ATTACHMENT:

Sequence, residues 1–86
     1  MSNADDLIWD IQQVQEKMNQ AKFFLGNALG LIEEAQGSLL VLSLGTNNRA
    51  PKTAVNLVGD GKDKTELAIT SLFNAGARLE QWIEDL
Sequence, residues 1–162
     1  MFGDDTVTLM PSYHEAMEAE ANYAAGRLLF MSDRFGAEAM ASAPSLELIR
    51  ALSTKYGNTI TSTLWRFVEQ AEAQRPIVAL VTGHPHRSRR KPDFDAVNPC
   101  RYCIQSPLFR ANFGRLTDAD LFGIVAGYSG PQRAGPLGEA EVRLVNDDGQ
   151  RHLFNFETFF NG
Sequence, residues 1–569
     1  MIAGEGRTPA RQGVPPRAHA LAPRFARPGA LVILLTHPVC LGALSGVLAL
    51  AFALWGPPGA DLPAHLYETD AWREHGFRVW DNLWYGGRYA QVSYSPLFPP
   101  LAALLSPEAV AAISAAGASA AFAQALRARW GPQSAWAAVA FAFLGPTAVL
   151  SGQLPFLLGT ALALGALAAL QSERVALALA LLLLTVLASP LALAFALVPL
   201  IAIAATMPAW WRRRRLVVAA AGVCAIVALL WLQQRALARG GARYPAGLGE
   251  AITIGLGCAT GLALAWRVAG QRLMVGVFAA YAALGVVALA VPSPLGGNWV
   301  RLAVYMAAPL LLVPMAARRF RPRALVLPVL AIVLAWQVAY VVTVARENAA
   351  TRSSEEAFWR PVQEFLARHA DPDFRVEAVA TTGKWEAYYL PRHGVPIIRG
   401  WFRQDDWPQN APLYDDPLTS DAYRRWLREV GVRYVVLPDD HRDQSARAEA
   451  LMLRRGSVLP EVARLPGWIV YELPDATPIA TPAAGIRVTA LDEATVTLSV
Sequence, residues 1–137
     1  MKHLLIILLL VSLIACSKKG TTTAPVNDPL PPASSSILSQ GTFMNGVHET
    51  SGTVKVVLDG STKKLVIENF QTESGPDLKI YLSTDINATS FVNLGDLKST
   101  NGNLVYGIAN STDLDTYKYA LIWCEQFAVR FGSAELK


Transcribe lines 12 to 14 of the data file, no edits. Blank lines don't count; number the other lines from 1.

   101  LAALLSPEAV AAISAAGASA AFAQALRARW GPQSAWAAVA FAFLGPTAVL
   151  SGQLPFLLGT ALALGALAAL QSERVALALA LLLLTVLASP LALAFALVPL
   201  IAIAATMPAW WRRRRLVVAA AGVCAIVALL WLQQRALARG GARYPAGLGE